The Geelong born artist is based in Melbourne and is often credited with putting the city on the street art world map. His early works were created either through the process of stenciling or screen printing, but he now prefers the raw quality that comes from working freehand.
Rone creates huge images of almost cinematic quality on building walls that are often marked for demolition. One of his most challenging pieces was the transformation of the Geelong cement silos into gigantic works of art. The silos were painted with massive portraits of three everyday local people in celebration of the city’s past and future.
Rone’s work has been shown in galleries around the world including London, San Francisco, Berlin, and New York. Many of his local exhibitions take place in abandoned buildings scheduled for demolition. As the artist believes there’s power in the vulnerability of the medium, on the bridge of collapse, makes it more beautiful.
By Audrey Chalmers of See Geelong
Martin Ron, most prominent street mural artist in Buenos Aires
In a city filled with murals and graffiti, Martín Ron has painted nearly all of the best street art in Buenos Aires. He is not only one of the best (if not the best) street mural artists in Buenos Aires but is considered to be among the ten best artists in the world. His murals can be seen all over the city of Buenos Aires, as well as London, Penang, Bristol, Miami, and more. Ron’s style is hyperrealist with strong colors and textures. He’s even used 3D techniques to add dimension to some of his murals.
He’s said of the surrealist features in some of his murals, “The surrealism is in the composition itself but the technique (of painting) is what is realistic, I like things that are surreal while at the same time it’s possible they are real.” Normal everyday items are used in fantastical ways to be realistic and surreal at the same time.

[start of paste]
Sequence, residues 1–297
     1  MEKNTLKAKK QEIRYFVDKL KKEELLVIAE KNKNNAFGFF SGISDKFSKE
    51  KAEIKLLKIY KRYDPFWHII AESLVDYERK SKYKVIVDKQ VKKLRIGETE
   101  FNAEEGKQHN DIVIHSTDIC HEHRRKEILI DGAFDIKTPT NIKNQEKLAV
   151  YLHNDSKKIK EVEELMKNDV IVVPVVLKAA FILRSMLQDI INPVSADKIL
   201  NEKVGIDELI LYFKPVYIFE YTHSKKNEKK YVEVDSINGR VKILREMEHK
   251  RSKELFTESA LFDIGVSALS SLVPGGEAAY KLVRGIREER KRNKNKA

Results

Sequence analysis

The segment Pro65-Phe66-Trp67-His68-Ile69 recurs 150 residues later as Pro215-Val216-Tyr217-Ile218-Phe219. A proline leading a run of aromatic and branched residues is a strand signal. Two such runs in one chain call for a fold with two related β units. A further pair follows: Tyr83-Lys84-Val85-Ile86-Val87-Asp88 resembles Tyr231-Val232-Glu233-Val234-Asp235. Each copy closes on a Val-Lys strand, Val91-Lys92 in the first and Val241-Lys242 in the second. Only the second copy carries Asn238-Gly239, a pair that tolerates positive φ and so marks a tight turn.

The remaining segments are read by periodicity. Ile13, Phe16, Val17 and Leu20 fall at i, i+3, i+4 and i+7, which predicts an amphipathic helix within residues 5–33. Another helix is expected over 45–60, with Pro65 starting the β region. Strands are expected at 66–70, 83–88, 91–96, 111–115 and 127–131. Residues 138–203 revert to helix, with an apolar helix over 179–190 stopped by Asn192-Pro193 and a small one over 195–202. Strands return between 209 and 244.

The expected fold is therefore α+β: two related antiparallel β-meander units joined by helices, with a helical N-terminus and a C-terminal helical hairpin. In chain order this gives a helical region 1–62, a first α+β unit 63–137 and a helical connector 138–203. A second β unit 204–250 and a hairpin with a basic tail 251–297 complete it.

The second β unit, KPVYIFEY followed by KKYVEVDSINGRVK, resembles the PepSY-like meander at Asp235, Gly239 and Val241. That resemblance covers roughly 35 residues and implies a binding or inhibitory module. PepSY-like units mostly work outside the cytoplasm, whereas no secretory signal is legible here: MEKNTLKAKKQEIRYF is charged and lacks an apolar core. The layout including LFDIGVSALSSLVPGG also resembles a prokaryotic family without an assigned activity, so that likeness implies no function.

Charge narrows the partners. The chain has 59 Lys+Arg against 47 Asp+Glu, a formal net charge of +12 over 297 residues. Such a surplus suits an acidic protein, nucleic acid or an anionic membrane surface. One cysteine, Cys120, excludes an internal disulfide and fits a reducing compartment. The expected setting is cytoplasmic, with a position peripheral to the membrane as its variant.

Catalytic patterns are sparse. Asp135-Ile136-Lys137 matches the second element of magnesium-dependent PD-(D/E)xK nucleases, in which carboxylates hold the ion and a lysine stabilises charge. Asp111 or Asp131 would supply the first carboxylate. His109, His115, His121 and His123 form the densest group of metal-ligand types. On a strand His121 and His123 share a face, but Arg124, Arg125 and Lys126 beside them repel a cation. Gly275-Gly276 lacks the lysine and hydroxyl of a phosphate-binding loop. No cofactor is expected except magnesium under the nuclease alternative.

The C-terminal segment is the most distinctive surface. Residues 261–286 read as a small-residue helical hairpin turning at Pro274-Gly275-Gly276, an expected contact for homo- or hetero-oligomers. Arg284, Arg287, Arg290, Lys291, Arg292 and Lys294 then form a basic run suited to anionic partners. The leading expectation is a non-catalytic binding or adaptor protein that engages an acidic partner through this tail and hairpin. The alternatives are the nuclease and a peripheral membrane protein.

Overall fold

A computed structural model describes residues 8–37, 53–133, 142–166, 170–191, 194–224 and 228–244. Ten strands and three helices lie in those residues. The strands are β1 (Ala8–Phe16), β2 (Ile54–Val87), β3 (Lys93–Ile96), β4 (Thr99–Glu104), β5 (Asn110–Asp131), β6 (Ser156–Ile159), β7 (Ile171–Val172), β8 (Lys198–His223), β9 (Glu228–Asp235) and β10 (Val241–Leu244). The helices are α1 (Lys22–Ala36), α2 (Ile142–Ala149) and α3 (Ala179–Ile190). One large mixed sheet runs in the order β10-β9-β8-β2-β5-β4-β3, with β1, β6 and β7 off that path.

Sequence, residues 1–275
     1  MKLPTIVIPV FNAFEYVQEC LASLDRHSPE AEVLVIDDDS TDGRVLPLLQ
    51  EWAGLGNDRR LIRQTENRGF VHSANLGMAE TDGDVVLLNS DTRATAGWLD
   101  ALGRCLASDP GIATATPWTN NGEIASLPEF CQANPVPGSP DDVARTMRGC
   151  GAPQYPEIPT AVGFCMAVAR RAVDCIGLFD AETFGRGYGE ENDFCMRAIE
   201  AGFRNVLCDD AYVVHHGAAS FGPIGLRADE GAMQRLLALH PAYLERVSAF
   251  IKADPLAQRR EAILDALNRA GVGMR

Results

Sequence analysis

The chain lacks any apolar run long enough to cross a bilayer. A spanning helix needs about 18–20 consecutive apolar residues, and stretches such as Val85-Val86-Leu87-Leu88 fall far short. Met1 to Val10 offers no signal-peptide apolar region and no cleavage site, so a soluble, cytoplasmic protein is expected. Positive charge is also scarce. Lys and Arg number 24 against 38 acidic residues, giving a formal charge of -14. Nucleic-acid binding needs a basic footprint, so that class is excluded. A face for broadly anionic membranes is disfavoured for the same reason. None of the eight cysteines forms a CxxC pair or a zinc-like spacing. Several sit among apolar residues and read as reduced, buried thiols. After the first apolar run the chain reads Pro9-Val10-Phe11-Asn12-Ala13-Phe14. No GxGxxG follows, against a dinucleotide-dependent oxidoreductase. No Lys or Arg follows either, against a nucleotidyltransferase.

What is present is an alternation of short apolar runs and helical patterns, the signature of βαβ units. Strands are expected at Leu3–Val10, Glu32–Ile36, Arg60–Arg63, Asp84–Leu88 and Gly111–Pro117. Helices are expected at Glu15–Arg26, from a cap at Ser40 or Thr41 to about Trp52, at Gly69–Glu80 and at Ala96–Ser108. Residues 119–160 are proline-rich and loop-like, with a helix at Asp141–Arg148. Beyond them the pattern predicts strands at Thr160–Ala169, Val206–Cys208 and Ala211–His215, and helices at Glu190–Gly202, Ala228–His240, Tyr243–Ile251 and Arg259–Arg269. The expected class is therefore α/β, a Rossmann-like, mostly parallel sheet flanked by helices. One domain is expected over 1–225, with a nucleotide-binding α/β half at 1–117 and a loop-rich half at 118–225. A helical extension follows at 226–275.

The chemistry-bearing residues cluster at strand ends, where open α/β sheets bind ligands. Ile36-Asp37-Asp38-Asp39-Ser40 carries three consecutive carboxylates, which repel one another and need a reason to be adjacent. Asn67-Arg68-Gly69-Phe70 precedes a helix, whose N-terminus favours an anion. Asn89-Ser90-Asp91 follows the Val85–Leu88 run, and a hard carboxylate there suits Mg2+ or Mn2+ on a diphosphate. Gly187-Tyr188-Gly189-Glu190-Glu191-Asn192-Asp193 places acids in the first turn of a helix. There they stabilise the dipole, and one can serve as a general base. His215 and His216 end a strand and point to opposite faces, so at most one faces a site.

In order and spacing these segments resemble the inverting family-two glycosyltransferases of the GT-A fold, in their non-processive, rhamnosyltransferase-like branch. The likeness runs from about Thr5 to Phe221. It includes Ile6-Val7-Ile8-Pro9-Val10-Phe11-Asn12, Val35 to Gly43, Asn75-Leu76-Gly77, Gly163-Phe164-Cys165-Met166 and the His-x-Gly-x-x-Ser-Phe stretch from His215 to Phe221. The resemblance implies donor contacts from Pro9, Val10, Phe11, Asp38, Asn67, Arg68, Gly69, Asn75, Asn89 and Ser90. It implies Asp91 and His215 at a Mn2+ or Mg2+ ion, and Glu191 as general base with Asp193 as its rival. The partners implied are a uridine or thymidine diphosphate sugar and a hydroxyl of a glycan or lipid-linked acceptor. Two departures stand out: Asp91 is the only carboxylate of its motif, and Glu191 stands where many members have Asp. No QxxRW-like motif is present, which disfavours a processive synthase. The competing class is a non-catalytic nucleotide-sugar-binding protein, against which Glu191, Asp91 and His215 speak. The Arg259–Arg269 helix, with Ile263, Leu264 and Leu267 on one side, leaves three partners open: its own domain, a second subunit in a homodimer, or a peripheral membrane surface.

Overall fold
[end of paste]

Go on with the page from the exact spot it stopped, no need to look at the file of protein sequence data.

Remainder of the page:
Ron’s mural art is impactful not only for its stunning detail but sheer size, many works taking over an entire building or façade.
In 2010 he started work as the Artistic Director of “Embellecimiento Urbano” or Urban Beautification in an area of the Buenos Aires province. It resulted in 250 murals in the area with various other mural artists.
He also paints on canvas but his true love will always be street art, where he can interact with people and present his artwork and process to the public, step by step.
By Erin Mushaway from Solsalute
Okuda San Miguel
Okuda San Miguel (Oscar San Miguel Erice) is a street artist, painter, and sculpturer whose works of art you don’t want to miss. He was born in Santander (northern Spain), lives in Madrid, and his creations are scattered all over the world.
It’s easy to recognize his street mural art because it’s all about geometric shapes and bright, lively rainbow colors (which are sometimes combined with grayscale colors). His work is categorized as pop surrealism and usually includes people and animals. It focuses on existentialism, the meaning of life, and the conflict between our human roots and modernity.
The project that made him internationally famous is called Kaos Temple. This old, abandoned church in Llanera (region of Asturias, Spain) was purchased and turned into a skate park, and Okuda got to paint its interiors. From then, he usually paints giant murals and even covers entire buildings with his beautiful art. In fact, his tallest outdoor mural is painted on a 23-floor residential building in Toronto.
You can find other creations of his in Madrid, Budapest, New York, Lima, Perth, Morocco, Taiwan, and many other destinations around the world. Each mural is inspired by the local culture, but his distinctive artistic style remains.
By Or from My Path in the World
Welsh-born muralist Phlegm is based in the UK city of Sheffield. His name comes from the ancient Greek theory of the Four Temperaments – four substances that govern the human psyche, with phlegm supposedly being responsible for the human capacity for apathy and emotional detachment.
Starting out as a cartoonist before moving into street art, Phlegm’s surrealist style is almost exclusively monochromatic and features a recurring character (or characters, as they often appear in multiples) in a striped, hooded top covering the face, and long boots. The scenes he paints are often dreamlike and fantastical in nature, with various elaborate creatures and machines being wrangled and/or assembled by his masked character(s), as well as plenty of seemingly impossible bricked and turreted buildings.